Our NHS People

Wellbeing Guardians

Whether you are an established Wellbeing Guardian, recently taken on the portfolio, or considering becoming the Wellbeing Guardian for your healthcare organisation, thank you and welcome.

This area is designed to support all Wellbeing Guardians to; develop into role both personally and as a community, to deliver and shape the aspirations and impact for the Wellbeing Guardian portfolio, and to empower Guardians to create a culture of wellbeing for our healthcare people to thrive and deliver quality healthcare services.

The wellbeing of our NHS and healthcare people is fundamental for a us as a caring organisation. Boards and senior leadership teams need to give wellbeing the highest priority. Ensuring our staff are happy and healthy feeds through into better patient care. 

As a Wellbeing Guardian, you will be a pivotal enabler in helping to create an organisational culture where empowering the health and wellbeing of our NHS people is routine and a priority consideration across all organisational activities and decisions.

To support you, this Wellbeing Guardian community area is split into the following sections:

We will be updating this area with new resources on an ongoing basis to support the Wellbeing Guardian community, so please check back regularly.


Why the role is important and potential for impact 

Rather than trying to describe why this role is important, we have a variety of videos from existing Wellbeing Guardians, sharing their personal stories of why they believe the role is important and the potential for impact.

Mark Sanderson talks about prompting and championing health and wellbeing activities, and how he ensures the Board support plans for the recovery in terms of their staff.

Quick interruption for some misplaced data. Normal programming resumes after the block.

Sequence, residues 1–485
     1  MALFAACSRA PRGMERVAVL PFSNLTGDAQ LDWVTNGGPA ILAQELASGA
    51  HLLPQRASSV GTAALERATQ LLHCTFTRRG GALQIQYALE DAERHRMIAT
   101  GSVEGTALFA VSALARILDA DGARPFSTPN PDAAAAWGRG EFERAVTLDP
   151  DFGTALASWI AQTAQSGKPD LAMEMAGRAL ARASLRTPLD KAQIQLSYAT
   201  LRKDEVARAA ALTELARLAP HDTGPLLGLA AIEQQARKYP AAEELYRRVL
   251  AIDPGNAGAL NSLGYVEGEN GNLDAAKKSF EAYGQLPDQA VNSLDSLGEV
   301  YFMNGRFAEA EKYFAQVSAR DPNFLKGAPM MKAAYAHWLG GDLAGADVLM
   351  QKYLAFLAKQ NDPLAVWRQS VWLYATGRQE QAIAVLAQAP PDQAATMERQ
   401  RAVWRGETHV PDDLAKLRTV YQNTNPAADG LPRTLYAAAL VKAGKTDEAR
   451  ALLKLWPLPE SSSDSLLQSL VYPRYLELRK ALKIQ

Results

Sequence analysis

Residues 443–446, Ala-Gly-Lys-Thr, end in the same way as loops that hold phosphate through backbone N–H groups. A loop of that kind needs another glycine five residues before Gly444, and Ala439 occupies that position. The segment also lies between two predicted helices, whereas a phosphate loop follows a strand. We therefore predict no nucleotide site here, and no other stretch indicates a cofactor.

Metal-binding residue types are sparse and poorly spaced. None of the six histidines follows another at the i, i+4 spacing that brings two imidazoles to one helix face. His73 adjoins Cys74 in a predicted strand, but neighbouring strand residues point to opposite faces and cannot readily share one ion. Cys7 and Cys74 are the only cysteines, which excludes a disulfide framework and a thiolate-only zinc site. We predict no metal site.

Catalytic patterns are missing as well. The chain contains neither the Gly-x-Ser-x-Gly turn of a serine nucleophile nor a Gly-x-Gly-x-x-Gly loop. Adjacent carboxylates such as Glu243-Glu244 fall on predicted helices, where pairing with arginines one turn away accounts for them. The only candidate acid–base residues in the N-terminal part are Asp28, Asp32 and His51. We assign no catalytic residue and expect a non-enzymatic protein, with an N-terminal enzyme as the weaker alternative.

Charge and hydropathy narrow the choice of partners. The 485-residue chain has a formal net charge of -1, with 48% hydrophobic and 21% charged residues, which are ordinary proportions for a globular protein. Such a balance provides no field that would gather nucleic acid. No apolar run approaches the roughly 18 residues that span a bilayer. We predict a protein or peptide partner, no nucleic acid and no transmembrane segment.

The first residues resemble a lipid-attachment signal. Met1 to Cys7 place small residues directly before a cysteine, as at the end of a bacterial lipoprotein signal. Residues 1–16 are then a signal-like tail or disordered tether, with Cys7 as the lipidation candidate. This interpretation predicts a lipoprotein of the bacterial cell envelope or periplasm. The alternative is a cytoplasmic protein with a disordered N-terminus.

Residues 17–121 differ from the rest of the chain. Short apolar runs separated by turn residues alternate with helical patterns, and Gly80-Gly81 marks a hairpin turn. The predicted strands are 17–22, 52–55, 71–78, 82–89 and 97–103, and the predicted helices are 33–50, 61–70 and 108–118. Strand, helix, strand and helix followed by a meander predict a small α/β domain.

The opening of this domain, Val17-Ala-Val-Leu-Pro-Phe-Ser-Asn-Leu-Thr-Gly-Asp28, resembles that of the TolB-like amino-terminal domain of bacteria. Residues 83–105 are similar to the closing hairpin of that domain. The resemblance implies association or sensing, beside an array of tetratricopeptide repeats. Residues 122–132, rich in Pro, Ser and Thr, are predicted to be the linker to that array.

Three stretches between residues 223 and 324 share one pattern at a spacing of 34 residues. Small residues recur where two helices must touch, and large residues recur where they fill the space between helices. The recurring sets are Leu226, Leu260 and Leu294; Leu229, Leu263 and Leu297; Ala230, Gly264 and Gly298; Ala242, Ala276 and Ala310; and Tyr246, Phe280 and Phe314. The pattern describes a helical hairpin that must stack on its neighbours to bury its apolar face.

Lena Samuels makes sure she is aware of the provisions of the health and wellbeing support in her role as a wellbeing guardian for her organisation.

As Wellbeing Guardian, you have the opportunity to make a real difference in your organisation, placing staff health and wellbeing at the heart what we do. You will be in an ideal position to support, influence and seek assurance from your senior leaders, creating a culture of wellbeing where the organisation cares for its people, who care for others.

The role arose out of the 2019 NHS Staff and Learners’ Mental Wellbeing Review, and championed through the subsequent NHS People Plan.

In the short-term, the NHS is in a critical place right now because of the pandemic. Our staff are exhausted and, in many cases, deeply impacted by their experiences. Wellbeing Guardians therefore have a vital role to play as part of the recovery agenda.

However, even before the pandemic, our staff were reporting high levels of stress and challenges to their wellbeing. Therefore, the role is vital in both recovery and long-term strategic culture change in the workforce wellbeing agenda.  By ensuring our workforce is physically and psychologically safe and healthy, we can in turn provide excellent care for patients.

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What the role involves  

Dame Carol Black stresses the importance of building relationships – with your occupational health provider, your HR team and your employees – and knowing about the current health and wellbeing activities at your organisation.
Dr Richard Heron’s approach is to review the data and use insights to review trends and information.
Dr Paul Litchfield explains you don’t need to be a health and wellbeing expert, but that a broad understanding is helpful.

A successful Wellbeing Guardian will be values-driven, people-focused, and willing to challenge the status quo to empower a wellbeing culture within their organisation. Sometimes this can involve asking difficult questions when championing wellbeing and seeking assurance that this is of organisational priority.

To hold the organisation to account in this way, it is suggested that this role sits best with a Non-Executive Director (NED) or equivalent in the context of your healthcare organisation. If your healthcare organisation does not have a NED, individuals in equivalent roles, such as a lay member or clinical director may be considered.

The role should be that of assurance and be empowered to act strategically. Therefore, the organisation should enable the Guardian by aligning functions such as HR / OD / Occupational Health and Wellbeing to operationally support them.

From an organisational perspective, the Wellbeing Guardian needs to:

  • Challenge the organisation to include employee wellbeing in everything they do and actively create a ‘culture of wellbeing’, to care for people who care for others.